design + research + robots

Simulated Robot 1.0


developing the Simulated environment



Step 1: manually controlled environment

As discussed in my previous post, my end goal is to develop multiple robots that learn to work together to assemble a puzzle or structure that they could not complete alone. After running into some issues with my earlier simulation environment, I decided to simplify the problem and focus on a 2D environment using PyBox2D, a 2D physics simulator, and PyGame for visualization. I developed a manually controlled 2D environment to test out controls. At the beginning of each round, the blocks are randomly placed within the field and the goal is to complete the puzzle as fast as possible, using the white octagonal agent to push the blocks. Small blue dots near the center of the screen mark the final location of each block.


step 2: implement an openAI gym env

Once this simulation was successfully built, I implemented it as an environment within the OpenAI gym framework. OpenAI gym is used by many researchers as a benchmark for Reinforcement Learning (RL) algorithms and serves as an ideal framework to work in. In my first round, the action space was composed of 8 simple discrete actions, outlined below.

  0 : ((0, 1), "North"),
  1 : ((1, 1), "NorthEast"),
  2 : ((1, 0), "East"),
  3 : ((1, -1), "SouthEast"),
  4 : ((0, -1), "South"),
  5 : ((-1, -1), "SouthWest"),
  6 : ((-1, 0), "West"),
  7 : ((-1, 1), "NorthWest"),

The state was composed of each block's location and rotation angle. In addition, I tracked how many blocks were in their final location.

state = []
in_place = []
for block in self.blocks:
  x, y = block.worldCenter
  angle = block.angle % (2*np.pi)
  state.extend([x, y, angle])
  in_place.append(self.is_in_place(x, y, angle, block))

The reward structure was composed of a living penalty, block reward, and puzzle completion reward. A living penalty was assigned for each block at each timestep. The further the block was away from its final location, the higher the penalty. This was intended to motivate the agent to move the blocks closer to their final location quickly. A reward of +10 was awarded for each block moved into its final position, and -10 deducted if it was moved out of place. Once the puzzle was completed, an award of +1000 would be given. Unfortunately, the no positive rewards were ever given. The agent consistently moved directly towards a wall, with no regard for the blocks.

After this initial test, I took note of a number of areas for improvement or different directions, listed below:

  • State Description:
    • Make the blocks location relative to its final location
    • Include relative position of agent to each block
    • Include information about shape of blocks - vector of 0s and 1s.
    • Use pixels as state information
  • Reward Structure:
    • Needs some positive reinforcement before block is in final location, rather than penalty alone.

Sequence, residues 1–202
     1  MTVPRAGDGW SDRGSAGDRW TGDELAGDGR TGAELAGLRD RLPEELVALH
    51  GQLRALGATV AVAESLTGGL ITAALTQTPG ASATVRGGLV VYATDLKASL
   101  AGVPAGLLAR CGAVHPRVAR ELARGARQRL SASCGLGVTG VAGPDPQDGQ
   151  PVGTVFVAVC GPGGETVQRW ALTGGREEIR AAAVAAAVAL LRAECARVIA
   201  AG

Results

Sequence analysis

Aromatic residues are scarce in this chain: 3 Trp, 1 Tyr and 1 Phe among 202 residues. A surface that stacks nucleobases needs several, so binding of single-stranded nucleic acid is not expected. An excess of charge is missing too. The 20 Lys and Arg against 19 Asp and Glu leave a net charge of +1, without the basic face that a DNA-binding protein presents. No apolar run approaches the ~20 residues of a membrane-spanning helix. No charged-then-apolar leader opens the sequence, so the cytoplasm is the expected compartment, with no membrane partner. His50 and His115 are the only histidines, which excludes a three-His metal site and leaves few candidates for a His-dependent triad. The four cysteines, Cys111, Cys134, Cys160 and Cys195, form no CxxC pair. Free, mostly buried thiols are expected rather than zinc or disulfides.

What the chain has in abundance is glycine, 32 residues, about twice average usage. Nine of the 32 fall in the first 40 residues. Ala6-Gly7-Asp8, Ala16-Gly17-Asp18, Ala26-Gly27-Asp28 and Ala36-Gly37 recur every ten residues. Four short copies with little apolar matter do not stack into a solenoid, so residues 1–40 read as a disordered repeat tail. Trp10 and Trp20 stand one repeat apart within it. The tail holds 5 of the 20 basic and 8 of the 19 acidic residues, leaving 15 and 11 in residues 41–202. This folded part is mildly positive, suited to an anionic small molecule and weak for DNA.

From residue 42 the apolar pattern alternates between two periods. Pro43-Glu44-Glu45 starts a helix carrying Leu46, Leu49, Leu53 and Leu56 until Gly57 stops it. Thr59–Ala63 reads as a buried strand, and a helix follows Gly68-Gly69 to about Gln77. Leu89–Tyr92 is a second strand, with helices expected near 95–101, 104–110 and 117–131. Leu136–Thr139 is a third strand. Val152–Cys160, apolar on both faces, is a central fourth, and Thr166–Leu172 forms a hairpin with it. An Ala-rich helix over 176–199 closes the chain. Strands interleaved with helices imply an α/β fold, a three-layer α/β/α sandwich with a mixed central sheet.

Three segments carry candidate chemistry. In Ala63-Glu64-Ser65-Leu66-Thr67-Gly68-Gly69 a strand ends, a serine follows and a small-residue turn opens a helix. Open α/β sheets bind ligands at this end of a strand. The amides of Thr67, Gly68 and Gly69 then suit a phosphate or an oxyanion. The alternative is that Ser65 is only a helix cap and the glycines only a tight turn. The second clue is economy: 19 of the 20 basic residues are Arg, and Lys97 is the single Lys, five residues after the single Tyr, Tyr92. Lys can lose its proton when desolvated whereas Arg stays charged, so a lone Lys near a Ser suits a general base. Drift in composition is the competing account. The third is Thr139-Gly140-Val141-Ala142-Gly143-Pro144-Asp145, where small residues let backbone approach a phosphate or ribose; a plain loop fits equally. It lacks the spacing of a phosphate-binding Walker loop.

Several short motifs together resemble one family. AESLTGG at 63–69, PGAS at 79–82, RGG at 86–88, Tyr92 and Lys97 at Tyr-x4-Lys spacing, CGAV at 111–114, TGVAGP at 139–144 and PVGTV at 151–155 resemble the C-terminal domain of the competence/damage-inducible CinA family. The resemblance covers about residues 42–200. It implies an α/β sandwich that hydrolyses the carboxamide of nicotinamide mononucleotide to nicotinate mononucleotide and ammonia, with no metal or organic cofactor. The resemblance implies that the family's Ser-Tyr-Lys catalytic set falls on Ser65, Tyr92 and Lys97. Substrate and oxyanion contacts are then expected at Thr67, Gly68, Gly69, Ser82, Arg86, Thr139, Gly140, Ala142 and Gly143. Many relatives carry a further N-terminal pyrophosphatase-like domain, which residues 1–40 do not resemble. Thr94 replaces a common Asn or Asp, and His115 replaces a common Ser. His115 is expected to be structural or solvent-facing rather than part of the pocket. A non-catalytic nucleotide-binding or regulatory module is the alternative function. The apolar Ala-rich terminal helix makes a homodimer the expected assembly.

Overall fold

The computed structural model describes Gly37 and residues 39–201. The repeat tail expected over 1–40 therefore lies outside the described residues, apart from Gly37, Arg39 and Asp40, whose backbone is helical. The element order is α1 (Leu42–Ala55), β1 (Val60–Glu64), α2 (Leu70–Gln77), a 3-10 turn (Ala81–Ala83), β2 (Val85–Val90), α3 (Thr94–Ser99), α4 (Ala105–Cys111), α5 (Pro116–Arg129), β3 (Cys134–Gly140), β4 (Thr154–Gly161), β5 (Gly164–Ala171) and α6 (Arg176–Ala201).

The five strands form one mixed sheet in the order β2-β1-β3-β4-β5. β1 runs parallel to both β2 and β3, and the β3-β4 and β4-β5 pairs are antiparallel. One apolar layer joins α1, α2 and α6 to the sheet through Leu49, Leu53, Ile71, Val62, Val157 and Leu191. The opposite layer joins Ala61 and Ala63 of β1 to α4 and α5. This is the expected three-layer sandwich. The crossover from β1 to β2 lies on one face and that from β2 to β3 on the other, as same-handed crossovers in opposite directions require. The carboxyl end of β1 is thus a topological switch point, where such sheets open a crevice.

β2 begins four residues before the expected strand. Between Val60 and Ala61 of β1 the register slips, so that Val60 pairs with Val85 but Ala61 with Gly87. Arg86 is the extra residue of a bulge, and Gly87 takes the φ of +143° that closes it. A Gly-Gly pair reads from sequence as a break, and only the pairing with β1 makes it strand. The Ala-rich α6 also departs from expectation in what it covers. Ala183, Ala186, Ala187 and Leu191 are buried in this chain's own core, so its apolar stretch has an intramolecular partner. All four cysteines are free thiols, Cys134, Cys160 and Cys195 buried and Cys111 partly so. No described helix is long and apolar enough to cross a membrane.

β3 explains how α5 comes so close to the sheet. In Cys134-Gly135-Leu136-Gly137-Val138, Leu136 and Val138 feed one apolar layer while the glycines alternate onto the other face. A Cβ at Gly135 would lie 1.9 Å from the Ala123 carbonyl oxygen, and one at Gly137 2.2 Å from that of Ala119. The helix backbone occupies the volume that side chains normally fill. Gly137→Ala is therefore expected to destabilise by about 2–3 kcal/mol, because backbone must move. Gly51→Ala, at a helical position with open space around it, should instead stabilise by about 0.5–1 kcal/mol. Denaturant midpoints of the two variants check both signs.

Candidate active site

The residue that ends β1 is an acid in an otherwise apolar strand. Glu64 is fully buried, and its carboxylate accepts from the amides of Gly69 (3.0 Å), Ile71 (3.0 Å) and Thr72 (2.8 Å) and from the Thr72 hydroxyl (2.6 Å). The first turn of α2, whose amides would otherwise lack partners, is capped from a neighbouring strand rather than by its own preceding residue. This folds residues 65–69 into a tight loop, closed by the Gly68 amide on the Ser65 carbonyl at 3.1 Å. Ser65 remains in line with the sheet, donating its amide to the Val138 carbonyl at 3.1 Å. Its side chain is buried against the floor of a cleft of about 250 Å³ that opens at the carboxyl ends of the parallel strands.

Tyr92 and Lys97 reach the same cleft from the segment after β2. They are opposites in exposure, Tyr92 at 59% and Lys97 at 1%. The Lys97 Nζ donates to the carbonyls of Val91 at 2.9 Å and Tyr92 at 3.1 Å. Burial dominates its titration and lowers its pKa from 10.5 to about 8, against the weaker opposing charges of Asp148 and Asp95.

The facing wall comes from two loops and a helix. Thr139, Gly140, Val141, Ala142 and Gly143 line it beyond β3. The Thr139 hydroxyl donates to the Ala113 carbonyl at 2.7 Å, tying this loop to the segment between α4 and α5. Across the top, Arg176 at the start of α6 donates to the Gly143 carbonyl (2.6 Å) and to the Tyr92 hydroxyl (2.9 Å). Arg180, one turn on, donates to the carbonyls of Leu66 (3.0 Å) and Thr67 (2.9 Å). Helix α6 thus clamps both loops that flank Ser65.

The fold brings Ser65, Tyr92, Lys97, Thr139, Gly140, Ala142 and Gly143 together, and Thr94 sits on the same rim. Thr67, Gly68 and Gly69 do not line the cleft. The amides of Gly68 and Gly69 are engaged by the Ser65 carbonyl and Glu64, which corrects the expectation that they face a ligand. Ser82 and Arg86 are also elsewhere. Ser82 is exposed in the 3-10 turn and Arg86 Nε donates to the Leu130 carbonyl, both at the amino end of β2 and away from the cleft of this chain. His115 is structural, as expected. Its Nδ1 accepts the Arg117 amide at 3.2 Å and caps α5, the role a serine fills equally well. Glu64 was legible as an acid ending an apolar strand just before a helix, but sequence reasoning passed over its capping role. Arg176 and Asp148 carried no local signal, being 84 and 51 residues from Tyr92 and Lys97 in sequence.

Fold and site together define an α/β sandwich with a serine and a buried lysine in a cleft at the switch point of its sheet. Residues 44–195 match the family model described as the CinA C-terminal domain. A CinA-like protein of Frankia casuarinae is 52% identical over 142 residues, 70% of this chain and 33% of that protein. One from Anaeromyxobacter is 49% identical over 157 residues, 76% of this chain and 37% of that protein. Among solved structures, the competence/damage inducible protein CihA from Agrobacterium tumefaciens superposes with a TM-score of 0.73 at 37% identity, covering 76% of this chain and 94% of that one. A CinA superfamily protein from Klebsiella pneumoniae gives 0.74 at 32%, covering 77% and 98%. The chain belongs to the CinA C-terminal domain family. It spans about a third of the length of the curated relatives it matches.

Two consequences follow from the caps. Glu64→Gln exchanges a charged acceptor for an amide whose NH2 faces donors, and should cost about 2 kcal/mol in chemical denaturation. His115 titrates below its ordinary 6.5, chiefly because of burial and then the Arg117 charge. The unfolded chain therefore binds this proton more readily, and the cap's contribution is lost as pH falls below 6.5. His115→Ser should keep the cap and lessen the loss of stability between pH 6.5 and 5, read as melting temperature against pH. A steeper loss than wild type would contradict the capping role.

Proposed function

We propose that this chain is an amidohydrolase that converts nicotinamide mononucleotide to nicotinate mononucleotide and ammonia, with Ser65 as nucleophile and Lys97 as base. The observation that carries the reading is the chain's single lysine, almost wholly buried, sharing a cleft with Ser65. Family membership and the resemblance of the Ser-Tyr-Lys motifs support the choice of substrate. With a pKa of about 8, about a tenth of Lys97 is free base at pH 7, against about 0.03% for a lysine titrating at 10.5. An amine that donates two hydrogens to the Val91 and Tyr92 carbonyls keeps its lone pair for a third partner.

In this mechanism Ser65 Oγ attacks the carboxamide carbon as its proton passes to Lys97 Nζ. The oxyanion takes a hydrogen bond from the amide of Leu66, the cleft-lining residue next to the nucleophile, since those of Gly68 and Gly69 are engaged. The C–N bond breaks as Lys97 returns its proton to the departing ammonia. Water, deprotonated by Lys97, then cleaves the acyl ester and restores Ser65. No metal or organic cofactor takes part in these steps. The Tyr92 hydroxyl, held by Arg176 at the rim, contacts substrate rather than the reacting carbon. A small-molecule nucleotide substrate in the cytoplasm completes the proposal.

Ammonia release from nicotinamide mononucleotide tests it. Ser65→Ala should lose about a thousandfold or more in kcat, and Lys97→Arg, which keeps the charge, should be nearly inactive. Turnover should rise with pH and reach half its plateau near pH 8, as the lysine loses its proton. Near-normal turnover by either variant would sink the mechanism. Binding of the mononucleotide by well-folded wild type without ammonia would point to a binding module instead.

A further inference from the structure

• Include reward for moving towards final angle
    • Include reward for agent's contact with blocks

step 3: simplify, refine, and test

The initial environment was not behaving as expected, so I needed to rethink my approach. The first step was to simplify the problem to a single block. My changes are listed below.

  • Simplify to a single block and no agent 
  • The block is initialized at a random location and rotation for every episode.
  • Action space is continuous and controls the linear velocity (x, y) and angular velocity of the block
  • State is composed of the relative x and y location to the final position, the relative rotation angle to the final rotation, and the distance between the block and its final position.
  • Reward structure is updated to give reward for good behavior - i.e. moving towards the final position:
    • Location based reward
      • -5 for moving away from the final position
      • +1 for moving towards it
      • -3 for not moving
    • Rotation based reward
      • -0.5 for rotating away from final position
      • +0.5 for rotating towards it
    • Puzzle Complete
      • +1000

In order to avoid bugs in the learning algorithm, I am using the Deep Deterministic Policy Gradient (DDPG) baseline implementation from OpenAI. The video above shows a model trained using DDPG for around 450 epochs. The model is fairly successful, but during certain episodes, the block will hover a short distance away from the final position, moving back and forth at really short distances. To improve this, I will experiment with the reward structure to motivate larger movements rather than micro-movements.


Next steps

The primary goal of my work is to develop multiple agents that learn to collaborate to achieve a common goal. With that in mind, my priority to is to move quickly to multiple agents in simulation.

  1. Expand environment to include one agent and one block
  2. State Definition:
    1. Option 1: Expand state to include relationship between block (relative vector, contact)
    2. Option 2: Experiment with state defined as pixels (RGB)
  3. Reward:
    1. Give reward for contact between blocks and agent

Once the simulation is successfully working, I will focus on implementing this strategy with real robots. This may involve developing a new 3D simulation environment and using domain adaptation strategies to improve the transfer of learning from simulation to the real-world environment.

For more info, check out my thesis book.